David Foster Wallace’s ‘The Pale King’ and style
The more I read and write about reading, the less convinced I become that it is possible to talk about a writer’s ‘style’ in a meaningful way. The word ‘style,’ begins with the assumption that there are certain things in a text that can be neatly compartmentalised, anatomised and put in different, clearly labelled Tupperware containers. But we’d never argue that form and content are easily separable from one another, unless we were a fool, which we are not, because we know well that the form that an artwork takes is indissociable from the content that it supposedly contains. Form constitutes an integral part of any text’s processes of meaning-making and is never merely a disposable container of the work itself.
But we still talk about ‘style,’ as if the words on the page were say, replaced by indistinct smudges of wet coal, we could come to an understanding of the way the writer wrote, by elucidating the tempo of these smudges. Awful example. The point is I think when we talk about ‘style,’ we often mistake ‘style’ for what the words are actually saying. For example, I doubt Beckett’s ‘style’ would be referred to so frequently as ‘morbid,’ ‘moribund,’ ‘mordant,’ or ‘pared-back,’ if he didn’t spend so much of his time describing death, decay in witty, economical ways. When we think we’re talking about ‘style,’ we’re often just re-deploying content any varying our vocabulary a bit.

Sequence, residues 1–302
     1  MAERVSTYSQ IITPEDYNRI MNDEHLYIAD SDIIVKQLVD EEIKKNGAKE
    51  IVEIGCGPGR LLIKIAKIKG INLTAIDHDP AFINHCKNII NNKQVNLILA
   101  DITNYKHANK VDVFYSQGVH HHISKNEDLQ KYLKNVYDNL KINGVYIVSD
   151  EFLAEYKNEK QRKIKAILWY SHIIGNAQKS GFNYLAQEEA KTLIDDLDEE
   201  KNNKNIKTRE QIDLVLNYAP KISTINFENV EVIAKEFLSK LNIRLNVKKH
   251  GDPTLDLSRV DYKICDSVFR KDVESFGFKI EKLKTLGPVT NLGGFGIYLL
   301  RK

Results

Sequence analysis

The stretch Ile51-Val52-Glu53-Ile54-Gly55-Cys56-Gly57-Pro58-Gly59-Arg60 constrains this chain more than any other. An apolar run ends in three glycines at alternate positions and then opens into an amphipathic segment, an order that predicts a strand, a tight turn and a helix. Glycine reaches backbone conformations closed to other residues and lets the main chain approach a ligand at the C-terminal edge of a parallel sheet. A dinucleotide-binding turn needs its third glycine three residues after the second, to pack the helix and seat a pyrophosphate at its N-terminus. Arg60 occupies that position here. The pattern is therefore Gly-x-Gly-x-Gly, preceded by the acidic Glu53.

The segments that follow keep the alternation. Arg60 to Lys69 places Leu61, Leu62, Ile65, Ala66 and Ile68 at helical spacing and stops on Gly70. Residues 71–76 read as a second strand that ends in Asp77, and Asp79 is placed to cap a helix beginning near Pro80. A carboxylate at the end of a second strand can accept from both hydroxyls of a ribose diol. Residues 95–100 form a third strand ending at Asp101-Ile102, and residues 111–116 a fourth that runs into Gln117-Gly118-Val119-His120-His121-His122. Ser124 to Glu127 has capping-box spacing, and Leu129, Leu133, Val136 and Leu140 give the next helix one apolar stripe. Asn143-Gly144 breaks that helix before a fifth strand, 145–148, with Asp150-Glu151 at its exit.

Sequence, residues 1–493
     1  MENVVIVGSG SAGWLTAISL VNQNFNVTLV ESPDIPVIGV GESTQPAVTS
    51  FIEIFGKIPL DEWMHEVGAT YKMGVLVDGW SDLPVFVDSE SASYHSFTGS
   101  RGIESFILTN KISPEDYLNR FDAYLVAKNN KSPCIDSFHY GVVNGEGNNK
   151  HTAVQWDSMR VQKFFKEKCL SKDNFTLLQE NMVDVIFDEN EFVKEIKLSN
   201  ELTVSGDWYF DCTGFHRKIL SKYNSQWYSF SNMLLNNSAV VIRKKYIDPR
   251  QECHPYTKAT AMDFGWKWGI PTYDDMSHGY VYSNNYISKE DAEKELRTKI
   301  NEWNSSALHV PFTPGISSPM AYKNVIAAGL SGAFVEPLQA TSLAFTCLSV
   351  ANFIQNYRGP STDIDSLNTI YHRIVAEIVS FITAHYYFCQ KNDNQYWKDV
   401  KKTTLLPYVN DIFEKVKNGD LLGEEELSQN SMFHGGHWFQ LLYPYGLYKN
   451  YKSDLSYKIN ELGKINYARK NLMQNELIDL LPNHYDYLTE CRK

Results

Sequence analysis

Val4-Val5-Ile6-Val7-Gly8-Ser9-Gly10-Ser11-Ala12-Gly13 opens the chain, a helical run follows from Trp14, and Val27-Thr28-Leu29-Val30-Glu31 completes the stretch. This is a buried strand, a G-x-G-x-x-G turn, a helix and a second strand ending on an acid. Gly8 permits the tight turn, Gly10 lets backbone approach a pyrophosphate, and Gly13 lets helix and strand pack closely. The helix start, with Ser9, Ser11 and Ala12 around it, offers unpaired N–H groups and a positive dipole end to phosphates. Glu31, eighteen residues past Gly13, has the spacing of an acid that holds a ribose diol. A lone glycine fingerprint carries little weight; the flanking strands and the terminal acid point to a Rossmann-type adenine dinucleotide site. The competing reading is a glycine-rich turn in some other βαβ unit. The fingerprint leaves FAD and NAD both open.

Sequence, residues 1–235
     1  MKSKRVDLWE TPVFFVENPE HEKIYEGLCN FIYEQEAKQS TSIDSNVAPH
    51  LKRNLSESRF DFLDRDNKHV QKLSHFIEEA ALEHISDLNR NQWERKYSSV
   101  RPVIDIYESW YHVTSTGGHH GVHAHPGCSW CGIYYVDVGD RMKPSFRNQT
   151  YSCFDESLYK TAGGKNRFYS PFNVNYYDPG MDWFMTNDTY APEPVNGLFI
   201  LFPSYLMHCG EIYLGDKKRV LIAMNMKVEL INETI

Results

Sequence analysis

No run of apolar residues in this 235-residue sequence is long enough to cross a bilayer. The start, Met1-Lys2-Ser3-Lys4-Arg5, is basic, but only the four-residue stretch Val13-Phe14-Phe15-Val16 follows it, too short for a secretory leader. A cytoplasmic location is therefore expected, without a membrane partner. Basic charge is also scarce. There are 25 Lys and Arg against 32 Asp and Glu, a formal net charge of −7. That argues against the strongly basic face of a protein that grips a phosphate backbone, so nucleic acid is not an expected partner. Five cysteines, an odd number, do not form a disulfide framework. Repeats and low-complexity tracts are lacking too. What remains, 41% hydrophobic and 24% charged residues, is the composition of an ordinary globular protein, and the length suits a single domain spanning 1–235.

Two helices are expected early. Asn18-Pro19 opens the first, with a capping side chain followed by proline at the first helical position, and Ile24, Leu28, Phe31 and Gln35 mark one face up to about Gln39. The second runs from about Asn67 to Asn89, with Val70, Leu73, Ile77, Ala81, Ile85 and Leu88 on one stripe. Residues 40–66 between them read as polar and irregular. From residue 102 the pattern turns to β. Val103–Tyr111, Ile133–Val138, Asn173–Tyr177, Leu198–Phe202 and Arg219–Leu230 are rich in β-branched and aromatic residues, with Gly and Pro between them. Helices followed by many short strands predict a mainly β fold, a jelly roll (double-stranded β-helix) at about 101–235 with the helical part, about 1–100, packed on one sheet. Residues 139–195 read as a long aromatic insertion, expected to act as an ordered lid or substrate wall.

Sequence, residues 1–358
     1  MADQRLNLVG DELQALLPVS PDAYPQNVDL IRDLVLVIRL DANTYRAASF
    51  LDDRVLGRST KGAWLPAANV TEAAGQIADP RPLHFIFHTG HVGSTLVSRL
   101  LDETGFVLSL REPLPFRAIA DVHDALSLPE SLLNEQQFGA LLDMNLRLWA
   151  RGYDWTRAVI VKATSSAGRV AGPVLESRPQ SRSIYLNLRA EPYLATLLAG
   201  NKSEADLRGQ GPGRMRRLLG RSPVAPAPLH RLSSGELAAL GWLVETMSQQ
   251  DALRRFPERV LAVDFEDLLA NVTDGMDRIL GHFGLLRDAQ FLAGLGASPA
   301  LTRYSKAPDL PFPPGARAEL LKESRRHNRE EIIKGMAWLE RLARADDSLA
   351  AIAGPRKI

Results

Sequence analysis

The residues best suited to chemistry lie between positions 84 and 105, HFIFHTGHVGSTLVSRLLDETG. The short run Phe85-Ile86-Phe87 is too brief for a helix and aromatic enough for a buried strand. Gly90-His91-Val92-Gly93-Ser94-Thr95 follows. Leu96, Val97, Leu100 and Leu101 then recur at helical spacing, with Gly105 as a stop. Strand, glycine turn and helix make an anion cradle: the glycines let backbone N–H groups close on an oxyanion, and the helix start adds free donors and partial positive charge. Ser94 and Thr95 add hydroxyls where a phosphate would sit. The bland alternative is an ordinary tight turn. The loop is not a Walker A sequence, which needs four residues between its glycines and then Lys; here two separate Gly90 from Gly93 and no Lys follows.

I just finished David Foster Wallace’s unfinished novel The Pale King, wishing to understand why he has come to be known as a primo sentencer, but mostly to lecture sanctimoniously to those who will only come to him after having seen The End of the Tour. Anyway, Wallace’s ‘style’ is, I think, notably pliant. It is by turns capable of evoking 1) the concatenating anxiety of Sylvanshine, 2) the neurotic ruminations of the over elucidating prosthesis, the ‘author,’ David Wallace and, perhaps most impressively, his ‘common touch,’ which makes itself known in a sequence of dialogues between a number of unnamed, sometimes un-numbered men, which appear too infrequently.
These stylistic fireworks do much in the service of The Pale King, because, in its unfinished state at least, much of what the novel has to say seems rather disappointingly conservative. Zadie Smith’s critique of Wallace being too over-laudatory of the relationships between quote unquote simple folk, (an oppressively irritating presence in a novel written by a known beneficent of an education from a prestigious university, it really is the noble savage of our time) makes itself known in the aforementioned dialogues, as does the tentatively advanced notions that things ain’t what they used to be, the decadence and luxury of our contemporary milieu has compromised our moral integrity and kids these days don’t want to do an honest day’s work for an honest day’s pay.
I suspect that a lot of this is bull and on some level, I think Wallace thinks so too, he has a number of characters voice their opposition to these beliefs as being too simplistic. The characters who have initially advanced the views held above accept that this is probably true, and yet these arguments keep re-surfacing. Perhaps the most accurate thing one can say about Wallace’s ‘style’ is that he advances via disclaimer, as may be attested to by David Wallace’s (the character-author this time) frequent insistence that what is contained within the novel is all fact, that when he says so he is not indulging in a kind of meta-fictional tease or ‘titty-pincher,’ though of course, he is doing exactly that.